Tuesday, August 29, 2006

Values– part 2

Values - part 1

by Tom Gaylord

The torment extended to bicycles as well. I had none, while he had the latest model with balloon tires and an electric light. He rode it every day in the summer, while most of the rest of us made do on shank's mare. It always took us longer to go anywhere, so we made him the scout for the neighborhood. If we wanted to go swimming, we sent him on ahead to be sure the pond was open before hiking the mile to it. If there was a circus in town, he rode to where they were set up and reported back to us what attractions they had, when they would open and so on. He never tired of his assignments and it took a lot of pressure off the rest of us.

Except for one thing. He liked to play cowboys and he wanted to carry my gun while he rode. I loaned it to him once, but I was afraid that he would scratch it when he stopped his bike. Instead of coming to a straight stop, he used to jump off to the left side of the bike and stand on the pedal while leaning the bike way over to the right. It made the gravel fly and looked like a horseman dismounting while still at a full gallop, but sometimes he misjudged the ground and lost his balance doing it. He always had skinned up knees and elbows, and I was afraid he would scratch up my rifle, too.

Well, denying him what he wanted was the worst thing I could have done. It made him want my gun even more. He offered to trade me his gun for it, even though he knew my gun didn't repeat and his did. That was how crazy he was. I refused because I didn't really feel as though the gun was mine to deal with. The way it was given to me, I felt it could be taken back at any time, that I was just a temporary custodian.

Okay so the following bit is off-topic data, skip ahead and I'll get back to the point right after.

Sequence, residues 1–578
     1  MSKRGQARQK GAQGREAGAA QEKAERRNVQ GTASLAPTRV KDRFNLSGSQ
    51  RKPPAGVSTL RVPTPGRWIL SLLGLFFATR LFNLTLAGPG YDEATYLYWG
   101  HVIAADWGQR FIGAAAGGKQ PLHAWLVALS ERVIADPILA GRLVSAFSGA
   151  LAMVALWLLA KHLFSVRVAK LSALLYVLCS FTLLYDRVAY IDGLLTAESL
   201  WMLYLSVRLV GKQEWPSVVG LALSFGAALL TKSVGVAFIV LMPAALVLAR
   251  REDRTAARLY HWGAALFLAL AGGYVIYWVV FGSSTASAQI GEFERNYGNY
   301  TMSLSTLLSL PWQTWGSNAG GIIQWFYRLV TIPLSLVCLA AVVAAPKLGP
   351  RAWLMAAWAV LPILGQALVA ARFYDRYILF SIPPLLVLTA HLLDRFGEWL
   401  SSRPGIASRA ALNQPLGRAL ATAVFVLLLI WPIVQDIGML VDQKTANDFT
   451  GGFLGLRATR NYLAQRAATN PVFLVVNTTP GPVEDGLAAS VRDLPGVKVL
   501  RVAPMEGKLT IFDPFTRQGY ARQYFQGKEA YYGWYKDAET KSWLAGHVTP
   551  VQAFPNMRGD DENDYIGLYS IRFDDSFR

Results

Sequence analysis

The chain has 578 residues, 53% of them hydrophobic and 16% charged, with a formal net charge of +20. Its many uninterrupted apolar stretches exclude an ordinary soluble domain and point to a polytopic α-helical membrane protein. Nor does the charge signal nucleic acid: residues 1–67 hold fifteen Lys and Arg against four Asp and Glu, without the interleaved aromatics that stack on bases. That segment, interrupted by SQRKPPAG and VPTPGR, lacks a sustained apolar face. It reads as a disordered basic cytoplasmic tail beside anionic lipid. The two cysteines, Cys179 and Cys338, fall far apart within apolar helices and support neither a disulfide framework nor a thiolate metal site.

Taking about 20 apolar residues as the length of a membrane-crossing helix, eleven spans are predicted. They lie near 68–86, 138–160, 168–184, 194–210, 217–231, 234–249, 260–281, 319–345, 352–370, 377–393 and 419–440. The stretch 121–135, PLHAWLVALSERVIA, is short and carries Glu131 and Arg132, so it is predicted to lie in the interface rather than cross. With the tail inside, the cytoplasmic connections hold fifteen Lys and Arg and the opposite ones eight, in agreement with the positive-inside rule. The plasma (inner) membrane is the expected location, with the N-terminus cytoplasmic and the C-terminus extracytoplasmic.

But he still persisted. He raised the offer to include a nice pocketknife and a horseshoe puzzle I liked. I continued to say no.

Then one day, my Aunt Olive called me inside for a talk. She asked me what I was doing to Todd—that was the boy's name—to get him so riled up. Apparently, he had gone to his parents over the matter, and they brought it to the attention of my aunt! This was a serious breech of childhood etiquette. We all knew that whatever differences we might have, we kept them to ourselves. Adults were never called into the picture unless the customary warning, "Aww—I'm tellin'!" was issued first. That allowed the other kid time to get his story straight before things got serious.

Trapped as I was by this unexpected turn of events, I became completely flustered and blurted out the truth. I told her about him wanting my BB gun and all the stuff he had offered for it. She asked if he was offering me a good deal. I said yes, but then I told her how I felt about my gun, that it wasn't really mine to trade. She laughed at that and said there had been some sort of misunderstanding. The gun was mine and I could do whatever I liked with it. If I wanted to trade it to Todd, I could.


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